The design of doped n-p-n semiconductor heterostructures has a significant influence on the structures' nonradiative decay and can also affect their photoluminescence characteristics. Such structures have recently been explored in the context of semiconductor laser cooling. We present a theoretical analysis of optically excited n-p-n structures, focusing mainly on the influence of the layer thicknesses and doping concentrations on nonradiative interface recombination. We find that high levels of n-doping (1019 cm-3) can reduce the minority-carrier density at the interface and increase the nonradiative lifetime. We calculate time-dependent luminescence decay and find them to be in good agreement with experiment for temperatures >120 K, which is the temperature range in which our model assumptions are expected to be valid. A theoretical analysis of the cooling characteristics of n-p-n structures elucidates the interplay of nonradiative, radiative, and Auger recombination processes. We show that at high optical excitation densities, which are necessary for cooling, the undesired nonradiative interface recombination rates for moderate (1017 cm-3) n-doping concentrations are drastically increased, which may be a major hindrance in the observation of laser cooling of semiconductors. On the other hand, high n-doping concentrations are found to alleviate the problem of increased nonradiative rates at high excitation densities, and for the model parameters used in the calculation we find positive cooling efficiencies over a wide range of excitation densities.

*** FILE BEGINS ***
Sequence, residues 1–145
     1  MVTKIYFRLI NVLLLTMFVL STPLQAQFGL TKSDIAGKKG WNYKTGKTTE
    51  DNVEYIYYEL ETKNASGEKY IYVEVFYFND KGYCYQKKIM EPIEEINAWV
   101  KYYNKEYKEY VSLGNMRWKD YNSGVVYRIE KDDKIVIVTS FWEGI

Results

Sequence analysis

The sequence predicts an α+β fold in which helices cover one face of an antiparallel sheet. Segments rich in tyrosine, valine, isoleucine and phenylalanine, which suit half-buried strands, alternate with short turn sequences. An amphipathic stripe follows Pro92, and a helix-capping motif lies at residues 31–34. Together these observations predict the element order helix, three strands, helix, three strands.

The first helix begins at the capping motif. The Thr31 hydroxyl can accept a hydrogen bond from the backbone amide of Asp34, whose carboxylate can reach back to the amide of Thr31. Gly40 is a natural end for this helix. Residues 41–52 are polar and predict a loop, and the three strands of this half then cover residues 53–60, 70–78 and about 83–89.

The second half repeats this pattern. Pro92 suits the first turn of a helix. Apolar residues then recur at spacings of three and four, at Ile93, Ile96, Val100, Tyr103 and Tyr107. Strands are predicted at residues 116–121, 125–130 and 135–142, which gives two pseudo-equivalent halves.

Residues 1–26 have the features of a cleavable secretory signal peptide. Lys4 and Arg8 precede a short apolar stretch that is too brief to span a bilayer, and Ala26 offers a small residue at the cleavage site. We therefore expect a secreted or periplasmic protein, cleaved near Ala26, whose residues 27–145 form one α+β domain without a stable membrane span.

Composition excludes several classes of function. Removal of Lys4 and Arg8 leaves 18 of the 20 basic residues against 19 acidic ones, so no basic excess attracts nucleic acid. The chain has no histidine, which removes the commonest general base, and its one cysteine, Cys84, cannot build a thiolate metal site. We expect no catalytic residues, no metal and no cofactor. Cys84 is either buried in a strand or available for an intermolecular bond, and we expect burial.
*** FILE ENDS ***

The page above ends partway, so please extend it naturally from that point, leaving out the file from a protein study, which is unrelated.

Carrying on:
ASJC Scopus subject areas
- Physics and Astronomy(all)